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Apple's Profit Up on IPod, Mac Sales

Earnings rise 27% as the company's music player and new Intel-powered computers boost results.

October 19, 2006|Dawn C. Chmielewski | Times Staff Writer

The i's have it: Intel and iPod helped drive quarterly sales and profit up sharply at Apple Computer Inc. as the company continued to dominate portable entertainment and gained traction against rival computer makers.

Apple's shift this year to chips made by Intel Corp. boosted sales of Macintosh computers to their highest level since the 1999 holiday season. Sales were also helped by a broader shift in the PC industry away from corporate buyers and toward average people.

Those gains gave Apple 6.1% of the U.S. computer market, eclipsing Toshiba Corp. and closing in on Gateway Inc., according to industry researcher Gartner Inc. That's still well behind the 16.3% share of Hewlett-Packard Co., which reclaimed the title of world's biggest PC maker from Dell Inc. on Wednesday.

Apple Chief Operating Officer Tim Cook said the Cupertino, Calif., company was "incredibly pleased with what is a blowout Mac quarter." Overall Mac sales grew at three times IDC Research Inc.'s market growth projections and laptop shipments climbed 56%.

Apple said fiscal fourth-quarter profit rose 27% to $546 million, or 62 cents a share, from $430 million, or 50 cents, a year earlier. Sales increased 32% to $4.84 billion. In the current quarter, which includes the holiday shopping season, Apple projected revenue of $6 billion to $6.2 billion and per-share earnings of 70 to 73 cents.

Its shares climbed $3.35 to $77.88 in late trading after the results were announced. They closed regular trading up 24 cents.

The company cautioned that Wednesday's results were preliminary and could change as a result of its ongoing investigation into the improper accounting of stock options.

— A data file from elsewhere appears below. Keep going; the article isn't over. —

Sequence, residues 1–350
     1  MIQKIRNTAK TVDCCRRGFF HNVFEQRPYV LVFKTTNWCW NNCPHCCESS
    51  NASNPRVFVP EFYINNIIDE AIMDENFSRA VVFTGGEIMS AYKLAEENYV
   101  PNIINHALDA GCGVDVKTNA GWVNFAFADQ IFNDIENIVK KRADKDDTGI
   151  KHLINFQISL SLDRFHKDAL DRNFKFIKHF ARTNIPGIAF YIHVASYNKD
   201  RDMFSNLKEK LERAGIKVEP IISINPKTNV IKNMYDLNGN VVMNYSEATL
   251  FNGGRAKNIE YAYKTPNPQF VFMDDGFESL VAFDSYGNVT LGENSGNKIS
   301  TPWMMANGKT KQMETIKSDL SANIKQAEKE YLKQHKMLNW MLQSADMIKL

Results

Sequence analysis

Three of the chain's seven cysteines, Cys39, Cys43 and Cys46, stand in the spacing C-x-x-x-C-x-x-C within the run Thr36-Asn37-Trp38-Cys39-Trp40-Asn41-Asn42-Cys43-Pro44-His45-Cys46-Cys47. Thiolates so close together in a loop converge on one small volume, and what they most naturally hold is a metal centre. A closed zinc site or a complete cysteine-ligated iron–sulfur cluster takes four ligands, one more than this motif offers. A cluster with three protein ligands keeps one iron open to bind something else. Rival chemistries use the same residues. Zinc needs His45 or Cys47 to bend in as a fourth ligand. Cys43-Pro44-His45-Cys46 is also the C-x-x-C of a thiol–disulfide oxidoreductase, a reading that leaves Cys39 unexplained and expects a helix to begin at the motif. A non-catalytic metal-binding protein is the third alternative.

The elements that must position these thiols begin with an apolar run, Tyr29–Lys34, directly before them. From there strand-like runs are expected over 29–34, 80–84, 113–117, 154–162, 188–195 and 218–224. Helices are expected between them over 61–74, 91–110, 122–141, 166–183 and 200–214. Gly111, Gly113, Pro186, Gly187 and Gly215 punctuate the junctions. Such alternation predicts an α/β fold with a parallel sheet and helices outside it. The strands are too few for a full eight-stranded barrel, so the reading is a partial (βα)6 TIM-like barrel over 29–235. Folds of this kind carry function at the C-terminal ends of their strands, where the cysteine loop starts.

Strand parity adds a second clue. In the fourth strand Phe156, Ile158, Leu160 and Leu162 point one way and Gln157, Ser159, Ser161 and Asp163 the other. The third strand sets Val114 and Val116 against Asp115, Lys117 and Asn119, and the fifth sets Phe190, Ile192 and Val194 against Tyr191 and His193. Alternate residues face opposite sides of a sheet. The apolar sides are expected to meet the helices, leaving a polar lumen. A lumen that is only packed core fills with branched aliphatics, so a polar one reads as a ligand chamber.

Although a 35% increase in iPod sales boosted results -- accounting for 42% of sales -- analysts who have come to expect strong sales of the portable music and video player were encouraged by the robust Macintosh performance.

Apple's Cook said demand was so strong for the new line of Intel-powered iMacs unveiled in September that Apple was forced to air-freight the all-in-one desktop systems to market. Hardware sales were further buoyed by the most successful back-to-school season in the company's history, he said.

Shipments of laptops, especially the popular MacBook, to college-bound students increased 49% over the previous year, fanned by a mail-in rebate for a free iPod nano with the purchase of a qualifying Mac. More than half of buyers at Apple's retail stores are first-time Macintosh owners.

"This is a high, high number of buyers who never owned a Mac in their whole life," said Shaw Wu, an analyst with American Technology Research Inc.

Richard Shim, a personal computer analyst for IDC, said Apple was taking advantage of two trends in the PC industry: the shift to mobility and the surge in consumer spending. Consumers are increasingly moving away from desktop systems and buying laptops. Sales of Apple's MacBook and MacBook Pro surged 56% from a year earlier.

Shim said strong hardware sales helped Apple continue posting higher earnings as the iPod's once triple-digit sales gains slowed. Apple shipped more than 8.7 million of the devices in the last three months. It has sold more than 39 million iPods this fiscal year.

Wu said the brand continued to show resiliency, posting gains even though Apple announced new versions of the players in September and only recently began shipping.

"The new [models] shipped pretty late in the quarter," said Wu. "They had maybe two weeks of sales. Despite that, they were able to post good numbers."


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